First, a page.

Data on mortality according to education level and occupational class in this study came from census-based mortality studies. Deaths were classified according to cause, including common causes, such as cardiovascular disease and cancer, smoking, alcohol use and causes amenable to medical intervention, such as tuberculosis and hypertension. Data were also obtained from health or multipurpose surveys given to 350,000 persons asking them about their general health. For each country, the association between socioeconomic status and health outcomes was measured with the use of regression-based inequality indexes.

Europe offered an excellent opportunities for this type of research because of the intercountry variety of political, cultural, economic, and epidemiologic histories and because good data on inequalities in health are often available.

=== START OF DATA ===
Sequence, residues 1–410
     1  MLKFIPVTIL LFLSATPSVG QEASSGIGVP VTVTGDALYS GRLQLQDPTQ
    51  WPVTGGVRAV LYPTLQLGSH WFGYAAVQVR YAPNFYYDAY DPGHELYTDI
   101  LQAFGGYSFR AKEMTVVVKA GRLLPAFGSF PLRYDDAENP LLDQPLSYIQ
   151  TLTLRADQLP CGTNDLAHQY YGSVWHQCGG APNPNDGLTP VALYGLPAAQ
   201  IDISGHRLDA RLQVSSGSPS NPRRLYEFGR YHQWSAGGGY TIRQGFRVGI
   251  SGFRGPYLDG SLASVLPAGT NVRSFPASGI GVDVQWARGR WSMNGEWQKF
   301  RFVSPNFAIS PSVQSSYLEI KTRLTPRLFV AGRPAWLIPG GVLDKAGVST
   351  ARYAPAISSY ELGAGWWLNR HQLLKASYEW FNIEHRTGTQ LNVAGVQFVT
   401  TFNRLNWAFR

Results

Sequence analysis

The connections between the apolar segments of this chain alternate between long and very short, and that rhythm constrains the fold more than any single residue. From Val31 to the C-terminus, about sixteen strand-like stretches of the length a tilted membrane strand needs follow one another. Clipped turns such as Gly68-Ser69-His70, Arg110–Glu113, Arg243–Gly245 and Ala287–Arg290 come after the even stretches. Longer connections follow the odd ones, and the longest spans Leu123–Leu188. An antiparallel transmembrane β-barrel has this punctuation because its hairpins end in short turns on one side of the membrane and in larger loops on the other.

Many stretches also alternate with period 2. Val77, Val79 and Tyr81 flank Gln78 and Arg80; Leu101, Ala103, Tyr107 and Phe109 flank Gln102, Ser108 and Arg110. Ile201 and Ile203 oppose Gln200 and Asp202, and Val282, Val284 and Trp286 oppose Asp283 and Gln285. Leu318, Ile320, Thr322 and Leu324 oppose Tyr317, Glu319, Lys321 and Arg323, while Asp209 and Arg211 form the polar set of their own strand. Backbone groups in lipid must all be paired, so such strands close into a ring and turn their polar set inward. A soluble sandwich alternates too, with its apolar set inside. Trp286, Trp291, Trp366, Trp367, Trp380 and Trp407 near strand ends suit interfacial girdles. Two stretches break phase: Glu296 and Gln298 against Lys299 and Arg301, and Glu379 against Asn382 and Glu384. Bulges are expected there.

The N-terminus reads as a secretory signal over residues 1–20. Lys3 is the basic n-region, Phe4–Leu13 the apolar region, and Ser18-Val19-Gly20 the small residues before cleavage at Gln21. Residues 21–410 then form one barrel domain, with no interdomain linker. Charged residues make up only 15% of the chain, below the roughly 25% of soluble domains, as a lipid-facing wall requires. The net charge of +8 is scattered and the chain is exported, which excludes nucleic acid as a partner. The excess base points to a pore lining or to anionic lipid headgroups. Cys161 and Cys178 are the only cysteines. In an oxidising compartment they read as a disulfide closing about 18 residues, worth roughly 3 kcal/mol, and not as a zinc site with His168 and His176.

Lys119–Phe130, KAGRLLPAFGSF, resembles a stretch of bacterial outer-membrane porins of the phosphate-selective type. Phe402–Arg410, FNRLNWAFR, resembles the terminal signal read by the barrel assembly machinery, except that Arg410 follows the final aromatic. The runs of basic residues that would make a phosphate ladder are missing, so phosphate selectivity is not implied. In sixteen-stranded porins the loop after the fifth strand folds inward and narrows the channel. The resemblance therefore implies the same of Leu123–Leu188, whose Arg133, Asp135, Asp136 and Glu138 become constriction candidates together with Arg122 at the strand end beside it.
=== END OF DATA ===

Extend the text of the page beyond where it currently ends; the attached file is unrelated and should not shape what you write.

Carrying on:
In almost all countries, the rates of death and poorer self-assessments of health were substantially higher in groups of lower socioeconomic status, but the magnitude of the inequalities between groups of higher and lower socioeconomic status was much larger in some countries than in others.

Findings of interest included the following:

  1. Inequalities in mortality between socioeconomic groups and genders were small in some Southern European countries and very large in most countries in the Eastern European and Baltic regions.